View Full Version : What hand tools should I have?

06-11-2014, 04:41 PM

I'm looking to start my senior project over the summer and in my project contract I had written that I would be using only hand tools...

Because of that, what are the basic hand tools that I can use to build my ukulele? I have a hand saw, a chisel, a coping saw, a craft knife set, and an electric drill. I feel like I need a few more tools but I'm not sure what. Since I probably won't be building ukuleles often, I don't want to spend a lot on a bunch of tools that I won't be using for anything else.

Ideas? I want to get a fret saw and maybe a hand plane? :confused:

Any help would be great!


Moore Bettah Ukuleles
06-11-2014, 05:05 PM
Depends on what kind of power tools to have access to. I try to avoid hand tools but my scrapers, rasps and files and indispensable. Also, Exacto blades #11 and #18 (and Exacto razor saw). I don't use a large plane but I like my tiny IBEX plane for brace work. Do a search here, I think there's a comprehensive list posted somewhere.

06-11-2014, 05:11 PM
Kathy Masushita has a great reference site with the hand tools she uses. http://theamateurluthier.com

06-11-2014, 11:03 PM
I use a block plane (Stanley 220 or similar) and scraper (Stanley, Record, Faithful No 80) for soundbox construction. I use a round surform/ cork block and 120/240 grit paper to make my necks. I have about 10 F clamps (mainly 2" x 6") of various types both with conventional screw tightening and some quick grips (I prefer Irvin quick grips for some tasks). You also need a fine kerf (thin) saw to cut the frets and a 2ft rule/straight edge to measure and align the neck/fretboard. But the most important things to have of course are a good mold and a suitable means of bending the sides.


Red Cliff
06-11-2014, 11:36 PM
Also depends on whether you intend to build entirely from scratch or buy some parts pre-made such as bent sides, slotted fretboard etc. If from scratch you might want to start considering what tools you will use to bend the sides (blow torch and a copper pipe is probably the most basic) and if you have a saw with a suitable kerf to cut the fret slots as mentioned by greenscoe.

Aside from that, as someone who builds mainly by hand, I would also think about making a range of sanding blocks of different sizes out of some birch plywood or the like for final flattening of top, sides, back, fretboard etc. As other have said - plenty of clamps, straight edge. Also useful to get a bag of wooden clothes pegs to use as miniature clamps for gluing the linings on.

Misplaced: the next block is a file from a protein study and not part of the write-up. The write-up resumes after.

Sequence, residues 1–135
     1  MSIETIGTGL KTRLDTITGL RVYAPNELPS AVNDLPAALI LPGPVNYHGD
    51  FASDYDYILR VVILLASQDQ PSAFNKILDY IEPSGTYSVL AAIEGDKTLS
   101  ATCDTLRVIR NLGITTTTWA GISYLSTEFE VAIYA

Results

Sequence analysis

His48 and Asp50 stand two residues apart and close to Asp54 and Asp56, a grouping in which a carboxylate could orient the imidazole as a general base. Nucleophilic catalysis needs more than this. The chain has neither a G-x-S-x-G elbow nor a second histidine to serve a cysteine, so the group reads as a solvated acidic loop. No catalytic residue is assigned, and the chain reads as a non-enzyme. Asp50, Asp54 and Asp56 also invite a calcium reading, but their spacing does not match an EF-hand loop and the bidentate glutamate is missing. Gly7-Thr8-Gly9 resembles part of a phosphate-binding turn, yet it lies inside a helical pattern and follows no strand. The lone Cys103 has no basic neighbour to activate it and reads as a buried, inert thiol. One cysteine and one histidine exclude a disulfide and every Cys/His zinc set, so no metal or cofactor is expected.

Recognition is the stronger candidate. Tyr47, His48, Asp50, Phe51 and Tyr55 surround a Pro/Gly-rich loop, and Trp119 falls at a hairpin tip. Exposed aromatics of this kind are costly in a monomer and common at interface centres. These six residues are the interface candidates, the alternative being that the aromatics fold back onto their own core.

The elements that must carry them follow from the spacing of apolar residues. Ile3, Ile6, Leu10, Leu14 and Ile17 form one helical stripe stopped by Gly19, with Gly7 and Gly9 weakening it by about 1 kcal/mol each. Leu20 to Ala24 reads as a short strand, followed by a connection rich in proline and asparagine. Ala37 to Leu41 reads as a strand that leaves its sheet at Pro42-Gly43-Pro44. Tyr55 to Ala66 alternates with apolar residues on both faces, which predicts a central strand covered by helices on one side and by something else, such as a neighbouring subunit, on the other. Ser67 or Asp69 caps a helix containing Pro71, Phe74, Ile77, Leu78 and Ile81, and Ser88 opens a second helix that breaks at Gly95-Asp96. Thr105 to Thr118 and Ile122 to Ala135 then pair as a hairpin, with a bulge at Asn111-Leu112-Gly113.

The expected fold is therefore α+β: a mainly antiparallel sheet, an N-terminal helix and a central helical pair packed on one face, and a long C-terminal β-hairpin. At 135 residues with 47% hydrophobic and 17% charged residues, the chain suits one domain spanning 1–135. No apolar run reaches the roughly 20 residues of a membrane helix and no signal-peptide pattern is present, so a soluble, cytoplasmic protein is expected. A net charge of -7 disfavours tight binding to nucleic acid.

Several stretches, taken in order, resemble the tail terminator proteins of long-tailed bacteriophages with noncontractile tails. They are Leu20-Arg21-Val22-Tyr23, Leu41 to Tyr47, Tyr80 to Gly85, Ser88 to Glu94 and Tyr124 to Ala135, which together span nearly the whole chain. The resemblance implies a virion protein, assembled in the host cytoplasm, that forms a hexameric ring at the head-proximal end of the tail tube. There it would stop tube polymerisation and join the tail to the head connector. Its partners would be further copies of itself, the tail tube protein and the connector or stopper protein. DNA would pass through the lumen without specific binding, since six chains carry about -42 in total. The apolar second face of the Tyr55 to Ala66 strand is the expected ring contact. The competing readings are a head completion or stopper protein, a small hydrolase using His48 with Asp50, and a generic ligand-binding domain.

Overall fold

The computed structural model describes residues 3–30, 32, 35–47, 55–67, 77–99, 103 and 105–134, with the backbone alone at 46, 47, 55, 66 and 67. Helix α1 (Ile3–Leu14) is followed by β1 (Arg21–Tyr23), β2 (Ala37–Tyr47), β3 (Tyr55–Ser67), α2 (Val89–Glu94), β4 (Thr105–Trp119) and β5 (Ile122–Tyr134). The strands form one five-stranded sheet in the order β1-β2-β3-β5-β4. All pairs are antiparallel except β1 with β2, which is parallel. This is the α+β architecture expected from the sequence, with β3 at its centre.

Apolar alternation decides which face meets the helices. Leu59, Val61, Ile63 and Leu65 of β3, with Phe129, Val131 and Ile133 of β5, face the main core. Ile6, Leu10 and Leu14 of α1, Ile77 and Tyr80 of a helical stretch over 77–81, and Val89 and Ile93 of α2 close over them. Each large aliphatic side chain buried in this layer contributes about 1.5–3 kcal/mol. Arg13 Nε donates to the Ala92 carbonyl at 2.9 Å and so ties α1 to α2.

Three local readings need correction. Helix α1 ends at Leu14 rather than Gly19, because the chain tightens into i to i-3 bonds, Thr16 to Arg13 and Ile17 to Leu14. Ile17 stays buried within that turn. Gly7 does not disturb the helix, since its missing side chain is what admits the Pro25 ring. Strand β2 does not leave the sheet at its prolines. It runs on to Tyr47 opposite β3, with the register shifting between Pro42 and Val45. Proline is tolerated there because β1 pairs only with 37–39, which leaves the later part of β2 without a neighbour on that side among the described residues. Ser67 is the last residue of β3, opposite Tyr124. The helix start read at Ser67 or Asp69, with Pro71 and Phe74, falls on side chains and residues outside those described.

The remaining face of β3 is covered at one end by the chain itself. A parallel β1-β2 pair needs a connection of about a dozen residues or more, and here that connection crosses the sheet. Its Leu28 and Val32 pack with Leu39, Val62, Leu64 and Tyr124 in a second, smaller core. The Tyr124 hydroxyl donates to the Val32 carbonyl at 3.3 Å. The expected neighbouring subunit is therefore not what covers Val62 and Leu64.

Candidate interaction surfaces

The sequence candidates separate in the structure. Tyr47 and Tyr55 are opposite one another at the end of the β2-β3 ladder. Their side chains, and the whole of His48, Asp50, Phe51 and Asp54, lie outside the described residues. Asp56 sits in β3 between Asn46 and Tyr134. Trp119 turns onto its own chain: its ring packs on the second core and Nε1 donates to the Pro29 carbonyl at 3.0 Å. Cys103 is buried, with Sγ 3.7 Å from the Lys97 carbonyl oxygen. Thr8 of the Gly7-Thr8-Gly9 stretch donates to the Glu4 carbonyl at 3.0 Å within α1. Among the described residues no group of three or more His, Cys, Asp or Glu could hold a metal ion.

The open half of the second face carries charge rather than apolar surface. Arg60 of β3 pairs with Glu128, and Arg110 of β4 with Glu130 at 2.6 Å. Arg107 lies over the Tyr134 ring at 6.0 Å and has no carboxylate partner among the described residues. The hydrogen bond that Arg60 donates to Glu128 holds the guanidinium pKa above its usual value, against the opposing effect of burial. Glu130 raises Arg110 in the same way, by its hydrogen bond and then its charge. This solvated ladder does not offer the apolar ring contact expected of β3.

Beau Hannam Ukuleles
06-12-2014, 04:23 AM
Here is are some tool lists for luthier schools- ive not looked at these and im sure they are pretty comprehensive.


06-14-2014, 07:50 PM
A few handtool suggestions for someone not planning to make a career of building stringed instruments:

A block plane for end grain trimming and a #4 Smoother plane for face thicknessing and smoothing and Shooting Board work. #60 1/2 is a popular block plane and shows up at flea markets and Craigslist frequently for ~$30-60. While you're looking for planes also lookout for wood rasps (old Nicholson #49 and #50 made in USA are the best value), large flat metal bastard and small triangle metal files and a spokeshave. Soak the rasps and files overnight in a cola bath. This will etch the grooves and make it work better than new. Use a glass or Stainless Steel container.

Make a shooting board with 90 and 45 degree fences: http://www.lie-nielsen.com/content/documents/instructions/L-N_51_Shooting_Board_Info.pdf You will use this for precise and square cuts like where the two sides join each other on the butt. If you want to miter binding/purfling a 45 degree option is helpful.

45 degree acrylic drafting triangle. Larger is better. Extremely accurate and can be dropped w/no change to its squareness. Used for setting up jigs. In most office supply and art supply stores. http://www.utrechtart.com/C-Thru-45-90-Inking-Triangle-MP-55703-001-i1015591.utrecht
While there get a white lead pencil if you plan to work w/dark woods.

A generic honing guide like this: http://www.lie-nielsen.com/blade-sharpening/side-clamping-honing-guide/ modified per the video link:
Build this jig for setting blade length to get repeatable angles (ignore the parts about setting up a stone: http://www.lie-nielsen.com/content/documents/instructions/AngleSettingJig.pdf

Sharpening set-up
Go to the nearest countertop shop and get a Granite or Silestone sink cutout. The smooth side will be your flat reference for multiple processes.

Go to your local automotive paint/body work supply store and get 3 sheets of wet/dry sandpaper in grits:220, 400, 800, 1000, 5000. I like the Japanese Silicone Carbide papers. While there pick up some Scotch/3M 1" green masking tape. This is useful when attaching binding due to its elasticity. You will also need a can of spray contact adhesive. 3M medium(#77?) is what I use to adhere the sandpaper to the granite.
Google Scary Sharp and follow the instructions for your plane irons and chisels until you can cut a piece of copy paper on edge with no effort.
A pocket knife is useful.
A combination and/or a double square. Look for Starrett brand at Flea Markets.

Make clamps out of 1" rings of 3" PVC pipe like this: http://www.instructables.com/id/Homemade-Clamps-From-Plastic-Pipe/

Diagonal side cutters for trimming frets flush to the edge of the fretboard.

A fret slotting saw. The flush trimming saw from Harbor Freight leaves a .025" kerf. You'll need to make a jig (like a bridge) with a slot in it to keep it accurate. While there grab a small deadblow hammer for setting frets.

A set of welding torch cleaning files from big box home stores for nut slotting.

A small unworn Phillips head screwdriver for tuner mounting screws.

Most of these tools are things you will need as you go through life. I estimate you can get all of this for ~$150.